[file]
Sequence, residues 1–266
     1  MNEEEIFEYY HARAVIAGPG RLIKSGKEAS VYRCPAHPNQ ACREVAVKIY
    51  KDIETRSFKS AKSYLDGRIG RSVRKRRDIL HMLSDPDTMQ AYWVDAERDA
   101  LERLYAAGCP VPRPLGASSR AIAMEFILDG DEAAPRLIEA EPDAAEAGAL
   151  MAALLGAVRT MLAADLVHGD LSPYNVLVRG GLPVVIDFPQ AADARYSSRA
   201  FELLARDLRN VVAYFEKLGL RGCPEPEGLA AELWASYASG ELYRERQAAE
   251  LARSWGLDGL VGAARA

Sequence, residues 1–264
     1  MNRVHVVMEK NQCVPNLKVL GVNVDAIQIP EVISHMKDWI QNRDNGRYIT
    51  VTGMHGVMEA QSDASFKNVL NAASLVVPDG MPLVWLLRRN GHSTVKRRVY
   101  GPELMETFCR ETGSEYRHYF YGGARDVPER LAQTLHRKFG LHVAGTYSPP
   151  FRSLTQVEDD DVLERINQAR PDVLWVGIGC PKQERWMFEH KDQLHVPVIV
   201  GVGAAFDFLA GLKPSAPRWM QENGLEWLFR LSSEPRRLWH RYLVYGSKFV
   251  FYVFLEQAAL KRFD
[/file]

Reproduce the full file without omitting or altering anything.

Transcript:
Sequence, residues 1–266
     1  MNEEEIFEYY HARAVIAGPG RLIKSGKEAS VYRCPAHPNQ ACREVAVKIY
    51  KDIETRSFKS AKSYLDGRIG RSVRKRRDIL HMLSDPDTMQ AYWVDAERDA
   101  LERLYAAGCP VPRPLGASSR AIAMEFILDG DEAAPRLIEA EPDAAEAGAL
   151  MAALLGAVRT MLAADLVHGD LSPYNVLVRG GLPVVIDFPQ AADARYSSRA
   201  FELLARDLRN VVAYFEKLGL RGCPEPEGLA AELWASYASG ELYRERQAAE
   251  LARSWGLDGL VGAARA

Sequence, residues 1–264
     1  MNRVHVVMEK NQCVPNLKVL GVNVDAIQIP EVISHMKDWI QNRDNGRYIT
    51  VTGMHGVMEA QSDASFKNVL NAASLVVPDG MPLVWLLRRN GHSTVKRRVY
   101  GPELMETFCR ETGSEYRHYF YGGARDVPER LAQTLHRKFG LHVAGTYSPP
   151  FRSLTQVEDD DVLERINQAR PDVLWVGIGC PKQERWMFEH KDQLHVPVIV
   201  GVGAAFDFLA GLKPSAPRWM QENGLEWLFR LSSEPRRLWH RYLVYGSKFV
   251  FYVFLEQAAL KRFD